by ADITYA RAMACHANDRAN ’17, Staff Writer (email@example.com)
Dubai’s extravagant New Year’s display of fireworks has been confirmed a Guinness World Record, with a staggering 479,651 shells successfully released in a span of six minutes. The event marked the end of a year, which had seen Dubai awarded World Expo 2020. There could have been no better finishing touch to a year in which this Gulf emirate has cemented its rising stature as the center of the new world.
In a generation Dubai has graduated from a third world village to a shining metropolis of glass and concrete, a dream destination for migrant workers and expatriates, and a global demographic microcosm of our planet.
It is the cliché of our time that economic centers are shifting southwards to emerging markets and new geographical trading hubs. Dubai, nestled between Asia and Europe, is in prime position to reap the benefits of this geopolitical sea change.
Indeed, geographical proximity is one of Dubai’s key strengths. The United Arab Emirates’ (UAE) largest trading partners are the mammoths of the developing world: China and India. Trade has helped the city rise to challenge other prominent city-state hubs — such as Singapore — as Dubai’s geographical and economic sphere of influence expands into central Asia and Africa.
The UAE also plays a neutral game of geopolitical multi-alignment with the world’s superpowers. On the one hand, it conducts major arms deals with the United States, but it also exports large amounts of energy to China. At the same time, its sovereign wealth fund does billions of dollars worth of business with European firms.
Coupled with the vision of the city’s leadership, this makes Dubai immune to the turmoil in the surrounding region. It is when in Dubai, that one forgets that he or she are in the Middle East. It is this atmosphere that facilitates a steady European exodus to the city. As the Singapore-based American strategist Parag Khanna said in an article about Dubai “Would you rather be in Athens?”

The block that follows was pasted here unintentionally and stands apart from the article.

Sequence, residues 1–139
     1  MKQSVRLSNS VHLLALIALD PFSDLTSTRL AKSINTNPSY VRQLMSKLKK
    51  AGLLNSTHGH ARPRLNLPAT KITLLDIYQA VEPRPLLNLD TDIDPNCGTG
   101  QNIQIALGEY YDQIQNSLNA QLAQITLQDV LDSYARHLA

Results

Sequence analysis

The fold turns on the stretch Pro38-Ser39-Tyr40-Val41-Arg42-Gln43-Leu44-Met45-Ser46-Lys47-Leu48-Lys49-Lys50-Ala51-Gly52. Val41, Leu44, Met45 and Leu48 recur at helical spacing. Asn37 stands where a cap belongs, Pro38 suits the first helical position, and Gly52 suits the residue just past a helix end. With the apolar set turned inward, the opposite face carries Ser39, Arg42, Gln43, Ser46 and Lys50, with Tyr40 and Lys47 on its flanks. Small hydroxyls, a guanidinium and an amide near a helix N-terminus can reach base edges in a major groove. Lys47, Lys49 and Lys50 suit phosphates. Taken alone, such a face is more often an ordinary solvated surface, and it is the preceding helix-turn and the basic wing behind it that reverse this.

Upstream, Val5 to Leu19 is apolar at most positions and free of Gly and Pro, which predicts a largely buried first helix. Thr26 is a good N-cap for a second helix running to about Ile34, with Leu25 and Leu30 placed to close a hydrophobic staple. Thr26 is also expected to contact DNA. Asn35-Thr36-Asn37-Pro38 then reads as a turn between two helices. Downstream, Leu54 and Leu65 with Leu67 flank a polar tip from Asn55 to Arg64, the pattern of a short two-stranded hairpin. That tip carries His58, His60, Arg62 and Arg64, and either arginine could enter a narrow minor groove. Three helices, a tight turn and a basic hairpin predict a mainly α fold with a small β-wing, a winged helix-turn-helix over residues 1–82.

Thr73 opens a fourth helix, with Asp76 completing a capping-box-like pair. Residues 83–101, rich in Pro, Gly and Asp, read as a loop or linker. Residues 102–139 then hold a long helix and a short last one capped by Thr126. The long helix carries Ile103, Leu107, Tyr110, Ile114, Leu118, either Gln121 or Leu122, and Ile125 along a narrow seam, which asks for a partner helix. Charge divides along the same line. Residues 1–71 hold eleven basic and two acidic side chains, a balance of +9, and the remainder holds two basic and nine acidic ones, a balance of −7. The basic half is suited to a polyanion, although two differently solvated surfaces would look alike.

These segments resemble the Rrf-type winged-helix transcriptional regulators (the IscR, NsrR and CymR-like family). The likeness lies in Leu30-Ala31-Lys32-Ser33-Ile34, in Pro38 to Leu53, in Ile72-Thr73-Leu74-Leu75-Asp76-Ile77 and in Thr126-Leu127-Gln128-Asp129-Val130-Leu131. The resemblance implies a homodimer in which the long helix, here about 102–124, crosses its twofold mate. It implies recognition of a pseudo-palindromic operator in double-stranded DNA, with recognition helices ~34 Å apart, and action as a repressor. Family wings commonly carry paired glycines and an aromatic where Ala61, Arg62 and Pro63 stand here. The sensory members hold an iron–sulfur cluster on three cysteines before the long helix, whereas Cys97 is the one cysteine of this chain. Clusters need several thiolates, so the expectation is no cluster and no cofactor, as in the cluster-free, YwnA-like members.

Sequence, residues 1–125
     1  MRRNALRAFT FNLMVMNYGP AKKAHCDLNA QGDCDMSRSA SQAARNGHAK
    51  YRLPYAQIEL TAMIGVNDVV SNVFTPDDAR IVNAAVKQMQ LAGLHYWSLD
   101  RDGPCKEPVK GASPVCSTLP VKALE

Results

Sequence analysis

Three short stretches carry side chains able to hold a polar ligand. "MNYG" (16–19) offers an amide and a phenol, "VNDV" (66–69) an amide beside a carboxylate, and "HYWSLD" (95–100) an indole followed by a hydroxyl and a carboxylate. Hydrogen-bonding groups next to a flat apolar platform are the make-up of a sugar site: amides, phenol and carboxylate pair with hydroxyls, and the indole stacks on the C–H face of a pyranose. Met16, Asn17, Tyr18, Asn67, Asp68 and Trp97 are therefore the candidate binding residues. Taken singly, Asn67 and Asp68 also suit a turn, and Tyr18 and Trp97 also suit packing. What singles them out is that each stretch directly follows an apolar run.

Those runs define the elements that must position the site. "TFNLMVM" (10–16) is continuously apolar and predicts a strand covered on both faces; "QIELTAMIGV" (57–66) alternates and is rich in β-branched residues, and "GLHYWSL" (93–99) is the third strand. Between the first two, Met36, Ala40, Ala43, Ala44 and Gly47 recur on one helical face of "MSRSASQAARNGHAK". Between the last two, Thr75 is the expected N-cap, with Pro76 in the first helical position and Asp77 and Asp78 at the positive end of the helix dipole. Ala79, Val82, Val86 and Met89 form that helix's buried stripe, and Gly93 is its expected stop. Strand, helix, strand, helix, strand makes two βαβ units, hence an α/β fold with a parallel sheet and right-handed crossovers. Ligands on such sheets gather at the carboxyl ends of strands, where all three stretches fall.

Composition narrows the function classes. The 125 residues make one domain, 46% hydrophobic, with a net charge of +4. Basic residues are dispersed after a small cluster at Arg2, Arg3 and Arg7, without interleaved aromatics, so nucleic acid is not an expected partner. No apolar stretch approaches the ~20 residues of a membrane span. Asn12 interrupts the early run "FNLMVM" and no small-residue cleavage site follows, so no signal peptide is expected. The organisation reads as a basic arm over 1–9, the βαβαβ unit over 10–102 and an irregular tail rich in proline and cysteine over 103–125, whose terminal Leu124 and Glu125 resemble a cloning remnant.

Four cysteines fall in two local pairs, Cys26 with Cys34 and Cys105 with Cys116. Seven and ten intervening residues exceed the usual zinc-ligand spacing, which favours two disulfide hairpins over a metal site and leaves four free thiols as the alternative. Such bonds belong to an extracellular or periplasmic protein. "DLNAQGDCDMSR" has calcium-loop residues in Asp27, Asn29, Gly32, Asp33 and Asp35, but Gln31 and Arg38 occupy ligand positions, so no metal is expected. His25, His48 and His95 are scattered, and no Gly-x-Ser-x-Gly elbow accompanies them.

While the UAE is a beacon of openness, tolerance, and progress in its region, all of his success has admittedly come at a price. Western- based human rights organizations, such as Amnesty International and Human Rights Watch, routinely criticize the living conditions of foreign workers in the Emirates, the imprisonment of dissidents, and the lack of free speech in the country.
While it is very true that Dubai can never develop to become a city along the lines of a New York or a London without advancing it’s record in the aforementioned fields, I believe that the UAE government has its eye on making the city a regional beacon of human rights — a title I think it has achieved considering the UAE’s position on the Human Rights Council of the United Nations.
All in all, as one Professor Yaser Elsheshtawy, a professor at UAE University, put it, “The Dubai model might be good, it might be bad, but it deserves to be looked at with respect.” I have little doubt that as the world looks Eastward for what will undoubtedly be a revolutionary World Expo, that this will continue to be the case.